Even back in the 1990s, scientists were comparing materials processing with nanosecond, picosecond and femtosesecond pulses. The result was surprising:...

Im Focus: Shape matters when light meets atom

Mapping the interaction of a single atom with a single photon may inform design of quantum devices

Have you ever wondered how you see the world? Vision is about photons of light, which are packets of energy, interacting with the atoms or molecules in what...

Im Focus: Novel silicon etching technique crafts 3-D gradient refractive index micro-optics

A multi-institutional research collaboration has created a novel approach for fabricating three-dimensional micro-optics through the shape-defined formation of porous silicon (PSi), with broad impacts in integrated optoelectronics, imaging, and photovoltaics.

Working with colleagues at Stanford and The Dow Chemical Company, researchers at the University of Illinois at Urbana-Champaign fabricated 3-D birefringent...

Im Focus: Quantum Particles Form Droplets

In experiments with magnetic atoms conducted at extremely low temperatures, scientists have demonstrated a unique phase of matter: The atoms form a new type of quantum liquid or quantum droplet state. These so called quantum droplets may preserve their form in absence of external confinement because of quantum effects. The joint team of experimental physicists from Innsbruck and theoretical physicists from Hannover report on their findings in the journal Physical Review X.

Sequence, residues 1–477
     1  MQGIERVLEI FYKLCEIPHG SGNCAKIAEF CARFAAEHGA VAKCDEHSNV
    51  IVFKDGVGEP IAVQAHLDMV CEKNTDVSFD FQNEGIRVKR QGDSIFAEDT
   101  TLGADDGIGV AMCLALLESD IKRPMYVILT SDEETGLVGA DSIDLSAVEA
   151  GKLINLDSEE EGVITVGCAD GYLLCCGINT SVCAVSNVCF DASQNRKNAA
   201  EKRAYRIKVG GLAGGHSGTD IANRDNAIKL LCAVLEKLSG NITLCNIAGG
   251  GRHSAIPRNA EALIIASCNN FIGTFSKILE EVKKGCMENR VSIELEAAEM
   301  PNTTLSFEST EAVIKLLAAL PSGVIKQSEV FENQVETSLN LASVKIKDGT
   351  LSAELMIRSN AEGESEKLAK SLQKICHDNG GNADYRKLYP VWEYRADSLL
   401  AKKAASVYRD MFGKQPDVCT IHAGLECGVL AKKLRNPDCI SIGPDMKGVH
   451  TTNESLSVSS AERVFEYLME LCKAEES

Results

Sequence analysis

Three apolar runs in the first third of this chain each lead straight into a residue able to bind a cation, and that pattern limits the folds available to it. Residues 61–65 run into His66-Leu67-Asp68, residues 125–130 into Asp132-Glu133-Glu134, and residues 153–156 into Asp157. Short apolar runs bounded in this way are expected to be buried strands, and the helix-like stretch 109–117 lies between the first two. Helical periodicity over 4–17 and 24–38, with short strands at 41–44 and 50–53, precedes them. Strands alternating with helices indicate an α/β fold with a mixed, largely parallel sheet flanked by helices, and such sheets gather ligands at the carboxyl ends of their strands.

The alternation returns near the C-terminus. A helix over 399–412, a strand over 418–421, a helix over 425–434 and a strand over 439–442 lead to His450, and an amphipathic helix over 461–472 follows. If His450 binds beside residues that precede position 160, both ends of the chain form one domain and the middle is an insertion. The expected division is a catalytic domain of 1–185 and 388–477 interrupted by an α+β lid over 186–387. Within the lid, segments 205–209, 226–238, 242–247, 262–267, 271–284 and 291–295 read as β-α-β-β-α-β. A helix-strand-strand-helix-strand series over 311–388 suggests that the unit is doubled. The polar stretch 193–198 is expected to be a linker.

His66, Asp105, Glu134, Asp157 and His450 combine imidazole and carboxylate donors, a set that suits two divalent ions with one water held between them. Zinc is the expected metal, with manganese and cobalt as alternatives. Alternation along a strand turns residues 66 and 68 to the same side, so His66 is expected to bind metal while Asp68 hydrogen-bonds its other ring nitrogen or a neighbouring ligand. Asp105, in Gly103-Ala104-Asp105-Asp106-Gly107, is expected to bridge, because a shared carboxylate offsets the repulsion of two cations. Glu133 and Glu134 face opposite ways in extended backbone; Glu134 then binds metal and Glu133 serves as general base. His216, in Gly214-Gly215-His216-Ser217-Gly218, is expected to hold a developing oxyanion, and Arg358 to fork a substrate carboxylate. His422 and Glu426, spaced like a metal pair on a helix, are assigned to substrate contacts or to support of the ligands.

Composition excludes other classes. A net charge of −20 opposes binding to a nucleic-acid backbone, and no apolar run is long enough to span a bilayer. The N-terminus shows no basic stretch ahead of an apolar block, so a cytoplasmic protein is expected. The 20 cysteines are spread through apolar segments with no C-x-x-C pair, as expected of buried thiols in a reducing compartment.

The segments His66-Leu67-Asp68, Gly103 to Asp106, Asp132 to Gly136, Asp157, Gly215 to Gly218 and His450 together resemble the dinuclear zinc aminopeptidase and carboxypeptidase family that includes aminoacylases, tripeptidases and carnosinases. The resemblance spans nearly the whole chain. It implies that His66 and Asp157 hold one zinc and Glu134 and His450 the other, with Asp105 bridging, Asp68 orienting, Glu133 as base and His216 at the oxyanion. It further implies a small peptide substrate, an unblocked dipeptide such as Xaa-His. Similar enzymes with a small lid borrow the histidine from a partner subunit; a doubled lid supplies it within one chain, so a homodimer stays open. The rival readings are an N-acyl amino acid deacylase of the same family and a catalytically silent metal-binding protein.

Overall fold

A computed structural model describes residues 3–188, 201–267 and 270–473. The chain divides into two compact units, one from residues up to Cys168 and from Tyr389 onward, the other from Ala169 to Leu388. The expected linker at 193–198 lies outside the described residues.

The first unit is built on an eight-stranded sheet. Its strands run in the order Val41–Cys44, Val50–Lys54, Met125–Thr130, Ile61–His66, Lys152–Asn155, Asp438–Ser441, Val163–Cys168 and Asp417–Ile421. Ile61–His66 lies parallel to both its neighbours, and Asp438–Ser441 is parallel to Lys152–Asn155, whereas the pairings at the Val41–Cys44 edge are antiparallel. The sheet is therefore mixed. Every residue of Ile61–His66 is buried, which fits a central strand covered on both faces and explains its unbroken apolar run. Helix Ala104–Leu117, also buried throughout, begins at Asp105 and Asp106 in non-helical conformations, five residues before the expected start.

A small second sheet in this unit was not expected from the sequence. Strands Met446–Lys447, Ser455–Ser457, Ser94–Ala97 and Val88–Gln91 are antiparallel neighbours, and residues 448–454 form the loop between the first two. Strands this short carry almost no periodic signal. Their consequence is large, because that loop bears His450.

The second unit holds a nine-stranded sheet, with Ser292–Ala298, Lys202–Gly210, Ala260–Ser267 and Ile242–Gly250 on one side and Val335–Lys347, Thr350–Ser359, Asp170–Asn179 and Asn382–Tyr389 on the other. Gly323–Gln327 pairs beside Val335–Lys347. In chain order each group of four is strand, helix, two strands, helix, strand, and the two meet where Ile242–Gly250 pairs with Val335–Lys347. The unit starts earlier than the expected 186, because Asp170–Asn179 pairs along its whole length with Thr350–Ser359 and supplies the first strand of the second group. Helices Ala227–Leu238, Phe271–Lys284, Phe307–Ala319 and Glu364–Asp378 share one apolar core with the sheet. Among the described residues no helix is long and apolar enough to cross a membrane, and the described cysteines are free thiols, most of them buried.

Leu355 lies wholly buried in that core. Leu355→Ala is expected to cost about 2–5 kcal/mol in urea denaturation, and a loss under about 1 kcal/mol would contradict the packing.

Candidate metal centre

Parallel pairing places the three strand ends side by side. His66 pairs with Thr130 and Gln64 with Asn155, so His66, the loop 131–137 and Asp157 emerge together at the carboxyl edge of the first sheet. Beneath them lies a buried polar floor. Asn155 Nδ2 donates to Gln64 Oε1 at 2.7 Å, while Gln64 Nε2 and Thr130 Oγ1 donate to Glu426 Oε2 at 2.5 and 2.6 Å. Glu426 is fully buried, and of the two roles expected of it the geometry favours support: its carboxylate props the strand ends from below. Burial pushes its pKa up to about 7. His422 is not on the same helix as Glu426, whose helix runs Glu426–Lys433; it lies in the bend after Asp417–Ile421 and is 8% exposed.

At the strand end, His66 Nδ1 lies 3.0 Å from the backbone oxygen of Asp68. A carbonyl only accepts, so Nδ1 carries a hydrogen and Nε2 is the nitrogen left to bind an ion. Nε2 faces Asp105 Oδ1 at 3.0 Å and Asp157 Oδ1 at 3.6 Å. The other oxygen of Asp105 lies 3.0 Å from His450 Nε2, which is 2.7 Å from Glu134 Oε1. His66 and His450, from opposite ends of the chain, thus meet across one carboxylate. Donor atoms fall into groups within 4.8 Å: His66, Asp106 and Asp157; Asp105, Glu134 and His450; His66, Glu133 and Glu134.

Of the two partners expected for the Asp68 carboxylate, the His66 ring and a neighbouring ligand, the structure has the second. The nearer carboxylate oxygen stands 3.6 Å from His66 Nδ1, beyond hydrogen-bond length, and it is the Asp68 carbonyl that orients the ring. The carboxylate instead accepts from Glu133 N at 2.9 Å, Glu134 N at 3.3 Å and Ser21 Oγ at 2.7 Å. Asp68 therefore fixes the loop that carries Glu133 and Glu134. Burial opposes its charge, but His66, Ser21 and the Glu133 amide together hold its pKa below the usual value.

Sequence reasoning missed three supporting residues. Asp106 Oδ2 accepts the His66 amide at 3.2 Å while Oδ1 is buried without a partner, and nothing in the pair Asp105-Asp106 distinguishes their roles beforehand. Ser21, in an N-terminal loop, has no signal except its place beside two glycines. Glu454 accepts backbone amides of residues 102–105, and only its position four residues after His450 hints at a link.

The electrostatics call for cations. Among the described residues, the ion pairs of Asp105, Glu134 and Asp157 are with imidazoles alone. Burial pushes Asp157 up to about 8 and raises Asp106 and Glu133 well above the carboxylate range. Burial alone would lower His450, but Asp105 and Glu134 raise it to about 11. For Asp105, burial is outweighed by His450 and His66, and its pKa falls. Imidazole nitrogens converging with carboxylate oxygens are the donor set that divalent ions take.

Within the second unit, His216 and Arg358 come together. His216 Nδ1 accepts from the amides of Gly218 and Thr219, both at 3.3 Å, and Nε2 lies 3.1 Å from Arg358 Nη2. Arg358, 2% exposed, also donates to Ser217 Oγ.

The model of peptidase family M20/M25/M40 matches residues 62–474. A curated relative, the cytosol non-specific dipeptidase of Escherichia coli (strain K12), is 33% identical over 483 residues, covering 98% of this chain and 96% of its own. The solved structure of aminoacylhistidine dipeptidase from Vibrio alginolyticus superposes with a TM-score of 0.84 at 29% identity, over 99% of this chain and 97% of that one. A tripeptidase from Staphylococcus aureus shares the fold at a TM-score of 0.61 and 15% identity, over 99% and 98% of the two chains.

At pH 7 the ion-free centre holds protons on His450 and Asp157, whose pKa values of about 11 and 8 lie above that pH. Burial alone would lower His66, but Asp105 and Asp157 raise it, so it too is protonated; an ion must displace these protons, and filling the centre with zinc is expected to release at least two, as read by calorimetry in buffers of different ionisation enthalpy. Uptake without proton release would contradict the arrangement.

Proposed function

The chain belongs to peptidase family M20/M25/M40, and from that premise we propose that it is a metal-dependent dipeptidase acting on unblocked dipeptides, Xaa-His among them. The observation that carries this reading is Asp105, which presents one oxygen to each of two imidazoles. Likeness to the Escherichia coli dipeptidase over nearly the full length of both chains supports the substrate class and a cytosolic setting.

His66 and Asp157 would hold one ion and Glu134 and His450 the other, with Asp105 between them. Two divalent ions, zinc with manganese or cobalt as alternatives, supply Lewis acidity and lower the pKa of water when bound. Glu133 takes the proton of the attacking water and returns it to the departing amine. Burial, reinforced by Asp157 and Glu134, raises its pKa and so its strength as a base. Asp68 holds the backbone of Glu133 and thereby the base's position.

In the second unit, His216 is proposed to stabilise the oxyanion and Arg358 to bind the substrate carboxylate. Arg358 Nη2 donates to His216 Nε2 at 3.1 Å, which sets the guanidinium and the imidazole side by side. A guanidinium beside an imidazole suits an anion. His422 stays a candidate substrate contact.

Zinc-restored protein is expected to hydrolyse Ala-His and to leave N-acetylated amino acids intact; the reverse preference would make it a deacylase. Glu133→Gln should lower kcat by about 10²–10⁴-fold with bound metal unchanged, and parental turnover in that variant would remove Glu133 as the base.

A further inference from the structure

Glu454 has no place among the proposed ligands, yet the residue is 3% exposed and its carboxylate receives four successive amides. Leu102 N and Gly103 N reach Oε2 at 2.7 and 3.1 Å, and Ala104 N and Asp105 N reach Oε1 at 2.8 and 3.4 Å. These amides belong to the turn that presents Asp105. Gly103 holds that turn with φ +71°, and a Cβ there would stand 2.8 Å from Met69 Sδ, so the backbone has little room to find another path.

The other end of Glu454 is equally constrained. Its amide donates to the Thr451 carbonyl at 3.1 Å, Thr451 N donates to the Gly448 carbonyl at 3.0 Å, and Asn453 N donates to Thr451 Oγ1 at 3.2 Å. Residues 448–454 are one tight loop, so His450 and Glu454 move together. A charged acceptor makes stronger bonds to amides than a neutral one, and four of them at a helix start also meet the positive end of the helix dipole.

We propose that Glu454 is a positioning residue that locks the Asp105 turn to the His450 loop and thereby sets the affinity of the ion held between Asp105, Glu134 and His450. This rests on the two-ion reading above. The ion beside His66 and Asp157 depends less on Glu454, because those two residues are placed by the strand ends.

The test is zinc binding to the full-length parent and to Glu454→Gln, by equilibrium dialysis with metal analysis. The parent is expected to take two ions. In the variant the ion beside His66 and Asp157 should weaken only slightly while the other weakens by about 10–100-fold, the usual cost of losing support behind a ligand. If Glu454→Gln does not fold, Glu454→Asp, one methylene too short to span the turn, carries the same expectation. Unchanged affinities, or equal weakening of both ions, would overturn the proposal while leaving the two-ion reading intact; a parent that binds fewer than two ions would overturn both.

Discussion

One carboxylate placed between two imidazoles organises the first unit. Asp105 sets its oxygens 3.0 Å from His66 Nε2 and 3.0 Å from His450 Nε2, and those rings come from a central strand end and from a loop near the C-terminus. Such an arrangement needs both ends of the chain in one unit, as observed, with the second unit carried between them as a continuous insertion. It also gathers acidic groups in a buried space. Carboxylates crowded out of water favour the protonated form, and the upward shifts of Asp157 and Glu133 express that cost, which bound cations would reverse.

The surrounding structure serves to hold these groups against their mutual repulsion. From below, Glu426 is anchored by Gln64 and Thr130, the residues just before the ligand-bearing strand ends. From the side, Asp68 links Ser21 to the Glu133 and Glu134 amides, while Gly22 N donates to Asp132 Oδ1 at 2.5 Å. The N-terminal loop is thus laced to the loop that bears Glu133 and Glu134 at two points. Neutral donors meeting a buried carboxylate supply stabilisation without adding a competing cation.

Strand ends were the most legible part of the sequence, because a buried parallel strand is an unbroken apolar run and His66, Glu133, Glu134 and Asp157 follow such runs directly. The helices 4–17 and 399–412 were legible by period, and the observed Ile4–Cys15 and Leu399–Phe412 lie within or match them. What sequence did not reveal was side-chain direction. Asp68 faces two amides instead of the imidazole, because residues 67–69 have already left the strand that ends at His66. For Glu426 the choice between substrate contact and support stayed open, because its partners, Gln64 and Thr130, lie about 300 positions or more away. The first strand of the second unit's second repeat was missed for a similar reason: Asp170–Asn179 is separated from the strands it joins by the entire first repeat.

“Our Quantum droplets are in the gas phase but they still drop like a rock,” explains experimental physicist Francesca Ferlaino when talking about the...

Im Focus: MADMAX: Max Planck Institute for Physics takes up axion research

The Max Planck Institute for Physics (MPP) is opening up a new research field. A workshop from November 21 - 22, 2016 will mark the start of activities for an innovative axion experiment. Axions are still only purely hypothetical particles. Their detection could solve two fundamental problems in particle physics: What dark matter consists of and why it has not yet been possible to directly observe a CP violation for the strong interaction.

The “MADMAX” project is the MPP’s commitment to axion research. Axions are so far only a theoretical prediction and are difficult to detect: on the one hand,...

All Focus news of the innovation-report >>>

Anzeige

Anzeige

Event News

ICTM Conference 2017: Production technology for turbomachine manufacturing of the future

16.11.2016 | Event News

Innovation Day Laser Technology – Laser Additive Manufacturing

01.11.2016 | Event News

#IC2S2: When Social Science meets Computer Science - GESIS will host the IC2S2 conference 2017

14.10.2016 | Event News

 
Latest News

NTU scientists build new ultrasound device using 3-D printing technology

07.12.2016 | Health and Medicine

The balancing act: An enzyme that links endocytosis to membrane recycling

07.12.2016 | Life Sciences

How to turn white fat brown

07.12.2016 | Health and Medicine

VideoLinks
B2B-VideoLinks
More VideoLinks >>>